Brett D. Watson bwatson at
Mon Oct 23 21:56:30 UTC 1995

  That was precisely the point of my last note.  I *want* to get involved in 
finding a reliable way to measure network performance and I *want* to be 
proactive at it.  I absolutely hate telling customers that "pinging a cisco is 
not a good indicator..." but like you say "there ain't no other way".  Just as 
ping and traceroute are not good indicators of performance, saying that they 
aren't good indicators is *not* acceptable to customers paying money for your 

 So just for the record, I'm not working for a provider and whining that it's 
not our fault.  I want to find a good way to measure peformance on my network 
and I'd love to be able to publish some results.  Guy Almes contacted me about 
getting involved and that's just what I want to do.


> >  A couple quick points:  the place to go to for this kind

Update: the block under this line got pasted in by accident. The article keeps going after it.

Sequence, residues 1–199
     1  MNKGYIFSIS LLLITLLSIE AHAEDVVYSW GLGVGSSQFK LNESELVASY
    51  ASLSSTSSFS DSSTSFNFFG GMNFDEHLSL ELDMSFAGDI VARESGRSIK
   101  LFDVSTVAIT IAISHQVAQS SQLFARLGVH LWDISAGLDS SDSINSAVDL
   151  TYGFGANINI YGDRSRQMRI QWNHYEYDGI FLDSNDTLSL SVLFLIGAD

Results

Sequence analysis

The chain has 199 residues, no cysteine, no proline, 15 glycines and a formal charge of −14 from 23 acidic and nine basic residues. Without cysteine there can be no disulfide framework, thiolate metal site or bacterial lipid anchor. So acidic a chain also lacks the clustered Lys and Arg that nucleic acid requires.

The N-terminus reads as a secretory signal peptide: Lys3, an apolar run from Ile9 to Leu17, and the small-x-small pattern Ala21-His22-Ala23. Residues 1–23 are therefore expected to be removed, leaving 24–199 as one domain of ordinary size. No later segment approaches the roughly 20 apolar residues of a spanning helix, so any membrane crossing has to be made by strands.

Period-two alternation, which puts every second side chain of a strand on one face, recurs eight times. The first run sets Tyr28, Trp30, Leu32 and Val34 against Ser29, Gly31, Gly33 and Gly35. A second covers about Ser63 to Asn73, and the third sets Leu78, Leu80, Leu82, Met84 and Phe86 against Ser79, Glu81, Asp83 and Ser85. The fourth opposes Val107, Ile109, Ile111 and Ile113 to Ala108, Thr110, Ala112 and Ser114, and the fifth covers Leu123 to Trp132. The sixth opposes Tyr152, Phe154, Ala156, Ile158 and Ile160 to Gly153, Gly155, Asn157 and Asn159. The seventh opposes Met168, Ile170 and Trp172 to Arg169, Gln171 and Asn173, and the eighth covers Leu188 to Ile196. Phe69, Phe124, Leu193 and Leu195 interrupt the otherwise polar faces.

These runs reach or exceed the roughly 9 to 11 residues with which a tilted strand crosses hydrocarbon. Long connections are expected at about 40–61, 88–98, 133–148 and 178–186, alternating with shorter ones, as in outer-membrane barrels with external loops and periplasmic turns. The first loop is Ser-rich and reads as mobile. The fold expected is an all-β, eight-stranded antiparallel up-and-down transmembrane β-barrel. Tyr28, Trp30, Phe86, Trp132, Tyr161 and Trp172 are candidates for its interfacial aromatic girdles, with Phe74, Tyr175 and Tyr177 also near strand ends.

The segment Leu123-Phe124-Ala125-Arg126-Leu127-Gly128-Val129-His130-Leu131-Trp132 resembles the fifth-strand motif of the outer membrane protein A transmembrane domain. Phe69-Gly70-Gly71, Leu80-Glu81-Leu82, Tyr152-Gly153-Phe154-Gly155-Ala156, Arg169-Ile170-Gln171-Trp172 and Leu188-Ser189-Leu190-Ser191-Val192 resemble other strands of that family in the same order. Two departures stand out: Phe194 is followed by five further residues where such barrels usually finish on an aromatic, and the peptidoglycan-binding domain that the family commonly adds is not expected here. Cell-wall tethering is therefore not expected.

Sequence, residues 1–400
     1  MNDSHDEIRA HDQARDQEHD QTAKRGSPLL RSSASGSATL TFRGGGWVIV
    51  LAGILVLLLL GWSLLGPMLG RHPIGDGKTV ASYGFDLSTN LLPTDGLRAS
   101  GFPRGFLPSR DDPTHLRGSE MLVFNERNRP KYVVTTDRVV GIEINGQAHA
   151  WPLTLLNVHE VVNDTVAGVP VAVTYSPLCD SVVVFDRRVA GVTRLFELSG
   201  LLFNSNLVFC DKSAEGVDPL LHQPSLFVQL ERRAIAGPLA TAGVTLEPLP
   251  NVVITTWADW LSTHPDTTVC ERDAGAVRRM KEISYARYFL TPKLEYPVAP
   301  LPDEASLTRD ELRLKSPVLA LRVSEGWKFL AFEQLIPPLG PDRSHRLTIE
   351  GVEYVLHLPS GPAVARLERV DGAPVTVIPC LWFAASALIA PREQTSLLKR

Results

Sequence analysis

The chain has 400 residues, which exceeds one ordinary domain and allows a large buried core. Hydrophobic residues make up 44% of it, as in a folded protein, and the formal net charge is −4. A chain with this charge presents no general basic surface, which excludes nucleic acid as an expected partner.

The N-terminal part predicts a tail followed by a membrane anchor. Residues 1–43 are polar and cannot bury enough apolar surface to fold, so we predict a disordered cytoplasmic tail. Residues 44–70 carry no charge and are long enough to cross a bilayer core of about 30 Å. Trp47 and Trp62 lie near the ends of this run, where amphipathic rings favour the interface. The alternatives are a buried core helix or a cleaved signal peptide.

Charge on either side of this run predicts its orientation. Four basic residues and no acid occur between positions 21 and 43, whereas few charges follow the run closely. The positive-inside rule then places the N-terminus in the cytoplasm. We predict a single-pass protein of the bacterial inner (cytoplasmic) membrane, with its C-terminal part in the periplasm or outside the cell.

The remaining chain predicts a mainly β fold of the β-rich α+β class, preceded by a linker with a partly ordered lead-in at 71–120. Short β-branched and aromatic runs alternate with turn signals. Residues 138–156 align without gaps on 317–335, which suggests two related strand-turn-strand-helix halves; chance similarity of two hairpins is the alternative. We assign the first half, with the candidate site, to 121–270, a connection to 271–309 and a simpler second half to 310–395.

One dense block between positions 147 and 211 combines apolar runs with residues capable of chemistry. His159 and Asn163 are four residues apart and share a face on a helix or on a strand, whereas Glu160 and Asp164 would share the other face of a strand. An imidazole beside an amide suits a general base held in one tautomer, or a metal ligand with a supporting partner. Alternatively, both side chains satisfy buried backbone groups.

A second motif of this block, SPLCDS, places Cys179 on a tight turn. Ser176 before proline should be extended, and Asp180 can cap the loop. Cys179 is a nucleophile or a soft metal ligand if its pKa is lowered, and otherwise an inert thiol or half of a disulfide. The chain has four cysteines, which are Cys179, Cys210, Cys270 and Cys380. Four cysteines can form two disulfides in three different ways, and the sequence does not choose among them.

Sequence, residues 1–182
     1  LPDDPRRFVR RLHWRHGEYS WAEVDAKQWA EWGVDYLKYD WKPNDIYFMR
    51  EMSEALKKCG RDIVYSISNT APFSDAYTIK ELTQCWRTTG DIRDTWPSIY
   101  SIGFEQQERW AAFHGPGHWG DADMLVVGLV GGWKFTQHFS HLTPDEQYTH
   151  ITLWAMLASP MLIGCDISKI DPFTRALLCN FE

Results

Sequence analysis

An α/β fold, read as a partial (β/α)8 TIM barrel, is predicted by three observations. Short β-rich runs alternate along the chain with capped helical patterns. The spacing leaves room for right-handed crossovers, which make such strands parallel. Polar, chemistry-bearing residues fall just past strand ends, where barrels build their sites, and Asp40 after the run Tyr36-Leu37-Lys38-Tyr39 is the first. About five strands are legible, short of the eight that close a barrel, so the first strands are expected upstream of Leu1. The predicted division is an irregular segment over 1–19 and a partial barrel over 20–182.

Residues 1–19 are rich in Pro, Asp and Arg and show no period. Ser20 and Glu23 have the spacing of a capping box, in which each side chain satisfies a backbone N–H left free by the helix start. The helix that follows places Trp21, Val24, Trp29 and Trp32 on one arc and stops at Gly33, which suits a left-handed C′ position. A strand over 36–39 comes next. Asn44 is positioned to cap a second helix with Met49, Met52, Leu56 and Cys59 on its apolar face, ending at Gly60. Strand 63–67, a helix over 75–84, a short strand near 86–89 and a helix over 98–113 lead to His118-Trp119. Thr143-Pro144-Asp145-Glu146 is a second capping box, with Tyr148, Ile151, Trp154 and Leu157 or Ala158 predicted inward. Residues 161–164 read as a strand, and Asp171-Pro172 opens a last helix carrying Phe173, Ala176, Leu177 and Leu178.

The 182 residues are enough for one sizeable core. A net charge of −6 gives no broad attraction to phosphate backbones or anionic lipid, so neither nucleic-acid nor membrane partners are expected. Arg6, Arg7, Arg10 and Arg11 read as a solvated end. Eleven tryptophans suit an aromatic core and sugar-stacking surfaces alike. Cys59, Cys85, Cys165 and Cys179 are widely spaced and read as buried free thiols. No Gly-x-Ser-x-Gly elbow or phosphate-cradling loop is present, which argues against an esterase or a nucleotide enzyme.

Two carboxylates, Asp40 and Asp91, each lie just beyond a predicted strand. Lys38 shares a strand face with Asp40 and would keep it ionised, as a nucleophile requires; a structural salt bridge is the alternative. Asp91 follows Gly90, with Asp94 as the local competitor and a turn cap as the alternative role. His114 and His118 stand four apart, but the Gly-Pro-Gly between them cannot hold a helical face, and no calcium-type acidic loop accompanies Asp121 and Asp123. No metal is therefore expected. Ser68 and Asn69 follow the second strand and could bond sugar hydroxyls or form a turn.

> >of thing should be your direct service provider, who hopefully
> >has some means of communicating with upstream and peer providers
> >when things are going wrong somehow, or at least might be
> >able to give you some additional information.
> Ahem, my success rate at that has been less than stellar. If you guys
> (you service providers, not you Sean) are so worried about being asked
> questions in public (and short of com-priv, I see no more logical place
> for this than NANOG if "local" questions don't work], why don't you
> work on schemes to pro-actively publish performance data?  Otherwise
> you *will* get called to the table based on ping and traceroute data,
> there just ain't no other way. Either *you* do it, or others will do it
> for you, with the tools they find most appropriate, and all your
> whining will eventually be discounted. Be pro-active, or give them
> better tools. You *asked* to be in the kitchen, *you* better deliver a
> working network, including at the Internet-systemic level and not only
> in your own service provider centric environment. I suppose that if
> you guys can't figure it out yourself, there is always the opportunity
> to get it fixed by someone else. Like, ahem, regulation.

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